Palomar Hotshots 2013
Palomar Hotshots

The Palomar Interagency Hotshot Crew, Palomar Ranger District/Cleveland National Forest, US Forest Service, was selected for demonstrating initiative and innovation through efforts like their crew website and 2012 “Leadership is Action” video. Palomar Hotshots continue to provide leadership development through non-traditional leadership styles and allow individuals to strive for a higher performance level as a leader.”

Two NPS employees receive Paul Gleason awards

Chad Fisher and Jim Shultz,. NPS, received Paul Gleason award
Chad Fisher and Jim Shultz of the NPS received Paul Gleason Lead By Example awards

From the NPS Morning Report:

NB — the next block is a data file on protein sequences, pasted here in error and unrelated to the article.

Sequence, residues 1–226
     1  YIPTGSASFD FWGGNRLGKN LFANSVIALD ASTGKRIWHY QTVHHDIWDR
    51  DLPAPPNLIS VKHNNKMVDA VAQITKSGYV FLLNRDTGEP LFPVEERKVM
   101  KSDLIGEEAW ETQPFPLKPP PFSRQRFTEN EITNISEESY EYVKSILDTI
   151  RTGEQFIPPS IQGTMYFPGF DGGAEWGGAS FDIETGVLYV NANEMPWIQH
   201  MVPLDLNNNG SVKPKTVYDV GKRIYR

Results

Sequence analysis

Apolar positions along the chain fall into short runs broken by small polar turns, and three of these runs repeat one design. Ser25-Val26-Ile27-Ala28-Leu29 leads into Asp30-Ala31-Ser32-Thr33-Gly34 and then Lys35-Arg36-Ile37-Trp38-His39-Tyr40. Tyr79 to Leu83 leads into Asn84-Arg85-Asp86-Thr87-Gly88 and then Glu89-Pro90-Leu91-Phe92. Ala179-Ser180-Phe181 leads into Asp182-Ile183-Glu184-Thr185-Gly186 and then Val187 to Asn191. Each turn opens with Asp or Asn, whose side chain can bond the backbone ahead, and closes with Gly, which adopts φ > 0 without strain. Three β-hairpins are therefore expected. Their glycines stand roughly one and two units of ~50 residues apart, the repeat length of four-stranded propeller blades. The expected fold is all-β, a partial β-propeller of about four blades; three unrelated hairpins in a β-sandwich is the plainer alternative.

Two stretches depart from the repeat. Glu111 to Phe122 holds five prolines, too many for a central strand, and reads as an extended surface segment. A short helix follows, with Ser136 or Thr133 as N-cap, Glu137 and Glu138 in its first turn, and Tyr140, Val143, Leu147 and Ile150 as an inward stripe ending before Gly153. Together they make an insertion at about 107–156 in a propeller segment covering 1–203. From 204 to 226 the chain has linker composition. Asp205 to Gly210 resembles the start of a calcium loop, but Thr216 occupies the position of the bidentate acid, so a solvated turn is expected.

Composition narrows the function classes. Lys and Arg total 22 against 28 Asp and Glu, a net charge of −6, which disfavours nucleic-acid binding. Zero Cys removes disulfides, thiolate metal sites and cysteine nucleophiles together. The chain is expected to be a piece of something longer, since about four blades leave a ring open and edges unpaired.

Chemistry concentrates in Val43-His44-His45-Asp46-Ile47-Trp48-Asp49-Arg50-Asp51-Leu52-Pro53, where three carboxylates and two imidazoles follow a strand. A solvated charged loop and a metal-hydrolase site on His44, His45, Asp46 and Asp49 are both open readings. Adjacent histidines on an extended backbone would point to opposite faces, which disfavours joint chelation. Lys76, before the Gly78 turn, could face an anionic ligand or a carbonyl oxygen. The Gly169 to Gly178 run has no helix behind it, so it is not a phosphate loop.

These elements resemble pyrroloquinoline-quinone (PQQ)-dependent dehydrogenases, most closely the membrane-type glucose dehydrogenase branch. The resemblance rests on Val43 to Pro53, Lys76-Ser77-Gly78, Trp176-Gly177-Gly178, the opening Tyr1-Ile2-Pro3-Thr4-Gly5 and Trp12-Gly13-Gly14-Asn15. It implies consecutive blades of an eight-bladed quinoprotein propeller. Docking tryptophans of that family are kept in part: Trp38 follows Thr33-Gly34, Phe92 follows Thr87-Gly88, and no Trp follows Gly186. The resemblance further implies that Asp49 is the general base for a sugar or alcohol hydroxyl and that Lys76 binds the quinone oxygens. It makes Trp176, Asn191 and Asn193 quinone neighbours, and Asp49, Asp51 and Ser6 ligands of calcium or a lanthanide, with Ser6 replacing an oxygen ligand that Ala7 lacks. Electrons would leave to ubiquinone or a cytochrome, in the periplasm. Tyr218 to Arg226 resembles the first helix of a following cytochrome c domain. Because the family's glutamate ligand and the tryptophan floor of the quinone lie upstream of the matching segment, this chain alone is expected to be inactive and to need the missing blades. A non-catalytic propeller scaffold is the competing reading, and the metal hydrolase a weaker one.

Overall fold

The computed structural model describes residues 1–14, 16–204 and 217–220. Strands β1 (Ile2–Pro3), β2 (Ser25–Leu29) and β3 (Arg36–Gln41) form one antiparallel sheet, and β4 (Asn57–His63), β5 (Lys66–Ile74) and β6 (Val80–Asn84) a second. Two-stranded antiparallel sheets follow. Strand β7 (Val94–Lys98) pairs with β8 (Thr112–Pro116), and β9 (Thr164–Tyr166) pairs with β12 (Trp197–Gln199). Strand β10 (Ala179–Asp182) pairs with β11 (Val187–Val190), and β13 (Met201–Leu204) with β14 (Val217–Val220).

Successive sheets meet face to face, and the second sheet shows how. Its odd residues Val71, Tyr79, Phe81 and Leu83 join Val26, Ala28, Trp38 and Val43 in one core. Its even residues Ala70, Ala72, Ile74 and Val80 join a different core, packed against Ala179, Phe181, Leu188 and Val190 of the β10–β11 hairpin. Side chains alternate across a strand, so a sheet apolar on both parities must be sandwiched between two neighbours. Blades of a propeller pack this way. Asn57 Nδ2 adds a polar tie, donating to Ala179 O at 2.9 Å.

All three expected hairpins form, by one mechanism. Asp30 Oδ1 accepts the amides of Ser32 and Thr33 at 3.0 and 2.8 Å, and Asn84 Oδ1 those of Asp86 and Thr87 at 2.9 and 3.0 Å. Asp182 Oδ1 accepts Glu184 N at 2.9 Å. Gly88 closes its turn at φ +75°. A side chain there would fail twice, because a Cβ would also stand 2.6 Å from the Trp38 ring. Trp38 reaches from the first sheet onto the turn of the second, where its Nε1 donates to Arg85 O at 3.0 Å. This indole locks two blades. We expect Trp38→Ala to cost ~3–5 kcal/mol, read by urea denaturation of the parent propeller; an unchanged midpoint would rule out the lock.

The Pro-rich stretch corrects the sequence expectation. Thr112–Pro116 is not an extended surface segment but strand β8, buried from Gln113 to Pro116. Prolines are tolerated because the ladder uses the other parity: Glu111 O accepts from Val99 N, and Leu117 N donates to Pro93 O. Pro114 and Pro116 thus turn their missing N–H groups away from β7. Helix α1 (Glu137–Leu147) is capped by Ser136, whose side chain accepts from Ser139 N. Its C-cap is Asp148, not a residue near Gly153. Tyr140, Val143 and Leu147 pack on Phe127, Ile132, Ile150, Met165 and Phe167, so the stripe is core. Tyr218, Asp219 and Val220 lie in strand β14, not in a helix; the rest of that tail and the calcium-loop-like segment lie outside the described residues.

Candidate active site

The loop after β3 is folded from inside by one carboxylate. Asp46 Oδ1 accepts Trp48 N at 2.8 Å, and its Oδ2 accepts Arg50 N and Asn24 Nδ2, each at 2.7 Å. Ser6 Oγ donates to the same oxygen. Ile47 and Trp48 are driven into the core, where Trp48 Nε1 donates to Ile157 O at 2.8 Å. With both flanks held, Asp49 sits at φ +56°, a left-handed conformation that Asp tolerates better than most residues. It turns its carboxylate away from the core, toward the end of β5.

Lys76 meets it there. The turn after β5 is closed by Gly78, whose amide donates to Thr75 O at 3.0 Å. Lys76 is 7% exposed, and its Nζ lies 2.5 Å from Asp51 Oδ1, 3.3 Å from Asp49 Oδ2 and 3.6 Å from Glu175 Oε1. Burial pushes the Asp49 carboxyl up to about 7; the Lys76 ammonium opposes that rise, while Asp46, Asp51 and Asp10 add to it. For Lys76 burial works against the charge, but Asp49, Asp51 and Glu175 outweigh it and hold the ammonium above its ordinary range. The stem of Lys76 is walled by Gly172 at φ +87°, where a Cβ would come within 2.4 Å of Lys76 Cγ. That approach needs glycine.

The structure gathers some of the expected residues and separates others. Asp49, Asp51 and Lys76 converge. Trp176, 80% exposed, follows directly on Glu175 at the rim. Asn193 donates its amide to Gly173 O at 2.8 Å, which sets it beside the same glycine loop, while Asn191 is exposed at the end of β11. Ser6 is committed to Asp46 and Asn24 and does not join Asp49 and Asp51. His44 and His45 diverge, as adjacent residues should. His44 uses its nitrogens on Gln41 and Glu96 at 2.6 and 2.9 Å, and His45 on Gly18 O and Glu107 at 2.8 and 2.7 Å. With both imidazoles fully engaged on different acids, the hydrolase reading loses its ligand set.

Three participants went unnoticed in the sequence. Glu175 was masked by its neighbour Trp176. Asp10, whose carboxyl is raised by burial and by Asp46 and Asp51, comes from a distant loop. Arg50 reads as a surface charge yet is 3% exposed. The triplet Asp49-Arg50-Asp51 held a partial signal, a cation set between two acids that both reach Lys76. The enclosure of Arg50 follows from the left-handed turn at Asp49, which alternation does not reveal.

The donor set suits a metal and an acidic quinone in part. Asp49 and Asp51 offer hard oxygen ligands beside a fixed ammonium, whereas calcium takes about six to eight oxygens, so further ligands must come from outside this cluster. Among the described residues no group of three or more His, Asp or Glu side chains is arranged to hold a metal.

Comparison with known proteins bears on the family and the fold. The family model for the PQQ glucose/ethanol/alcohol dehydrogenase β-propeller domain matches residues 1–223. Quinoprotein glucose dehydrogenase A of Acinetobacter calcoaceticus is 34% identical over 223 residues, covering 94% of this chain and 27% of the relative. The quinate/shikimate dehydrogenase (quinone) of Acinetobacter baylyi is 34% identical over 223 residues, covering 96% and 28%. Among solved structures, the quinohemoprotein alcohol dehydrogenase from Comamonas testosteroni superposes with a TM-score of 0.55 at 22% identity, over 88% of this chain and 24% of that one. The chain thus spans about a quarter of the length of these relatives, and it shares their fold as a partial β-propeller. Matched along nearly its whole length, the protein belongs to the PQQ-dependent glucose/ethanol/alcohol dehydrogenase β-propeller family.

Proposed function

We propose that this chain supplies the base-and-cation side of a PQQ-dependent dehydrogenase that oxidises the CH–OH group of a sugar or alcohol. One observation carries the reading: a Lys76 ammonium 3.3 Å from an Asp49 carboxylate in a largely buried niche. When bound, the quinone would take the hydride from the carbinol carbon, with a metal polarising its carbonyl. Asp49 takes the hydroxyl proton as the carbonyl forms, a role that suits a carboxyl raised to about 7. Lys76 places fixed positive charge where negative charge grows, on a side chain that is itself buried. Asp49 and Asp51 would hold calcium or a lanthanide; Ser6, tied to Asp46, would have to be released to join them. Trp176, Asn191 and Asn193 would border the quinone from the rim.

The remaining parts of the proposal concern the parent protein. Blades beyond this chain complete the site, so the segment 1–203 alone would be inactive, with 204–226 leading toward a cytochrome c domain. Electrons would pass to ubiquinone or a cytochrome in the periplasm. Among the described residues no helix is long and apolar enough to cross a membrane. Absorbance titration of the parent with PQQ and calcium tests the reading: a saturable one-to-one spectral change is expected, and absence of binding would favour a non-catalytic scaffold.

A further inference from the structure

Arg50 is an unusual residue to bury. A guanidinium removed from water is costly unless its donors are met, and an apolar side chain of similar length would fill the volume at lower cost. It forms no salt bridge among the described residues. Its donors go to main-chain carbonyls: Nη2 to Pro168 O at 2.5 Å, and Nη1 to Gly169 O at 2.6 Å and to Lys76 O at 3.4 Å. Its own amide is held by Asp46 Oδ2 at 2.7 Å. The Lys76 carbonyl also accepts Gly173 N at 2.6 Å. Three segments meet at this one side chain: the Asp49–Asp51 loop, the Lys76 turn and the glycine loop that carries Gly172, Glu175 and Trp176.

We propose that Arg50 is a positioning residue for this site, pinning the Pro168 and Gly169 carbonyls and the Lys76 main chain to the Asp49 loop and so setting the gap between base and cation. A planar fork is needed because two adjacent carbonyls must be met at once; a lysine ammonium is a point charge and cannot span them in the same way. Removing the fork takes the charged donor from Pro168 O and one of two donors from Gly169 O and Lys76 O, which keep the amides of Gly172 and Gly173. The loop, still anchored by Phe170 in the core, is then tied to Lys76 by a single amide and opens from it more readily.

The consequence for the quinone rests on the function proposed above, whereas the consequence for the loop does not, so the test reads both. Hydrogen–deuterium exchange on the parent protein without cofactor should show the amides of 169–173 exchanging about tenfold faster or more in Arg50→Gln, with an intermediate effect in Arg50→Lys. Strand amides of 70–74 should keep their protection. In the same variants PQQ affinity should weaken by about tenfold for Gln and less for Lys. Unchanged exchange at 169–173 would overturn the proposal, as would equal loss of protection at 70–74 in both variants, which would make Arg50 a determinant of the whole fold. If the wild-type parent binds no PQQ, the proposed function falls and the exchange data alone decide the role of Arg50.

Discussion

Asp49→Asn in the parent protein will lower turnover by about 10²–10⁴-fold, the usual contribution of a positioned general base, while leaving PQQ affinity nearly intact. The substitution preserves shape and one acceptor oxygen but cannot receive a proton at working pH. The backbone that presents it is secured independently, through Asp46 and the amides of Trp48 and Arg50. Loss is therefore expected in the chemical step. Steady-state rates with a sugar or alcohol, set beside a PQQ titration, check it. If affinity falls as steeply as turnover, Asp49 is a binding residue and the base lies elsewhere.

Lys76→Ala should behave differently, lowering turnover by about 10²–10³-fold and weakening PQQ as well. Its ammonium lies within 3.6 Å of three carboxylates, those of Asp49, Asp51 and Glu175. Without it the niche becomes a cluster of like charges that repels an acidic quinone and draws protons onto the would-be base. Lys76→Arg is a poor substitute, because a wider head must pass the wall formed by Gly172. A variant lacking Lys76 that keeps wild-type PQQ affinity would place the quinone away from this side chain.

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“Two staff members from the National Park Service Branch of Wildland Fire were recently awarded the prestigious Paul Gleason Lead by Example Award for 2013. The intent of this award is to recognize individuals or groups who exhibit Gleason’s professional spirit and who exemplify the wildland fire leadership values of duty, respect, and integrity.

Chad Fisher, wildland fire safety program manager, and Jim Shultz, wildland fire training program manager, each received the award. Only three individuals and one group from across the wildland fire service were chosen to receive this national award for 2013.

“To have not just one, but two employees, honored with this interagency award, really highlights the caliber of work and leadership by NPS wildland fire management staff,” said acting National Park Service Wildland Fire Branch Chief Mark Koontz. “Chad and Jim are outstanding representatives in their respective fields.”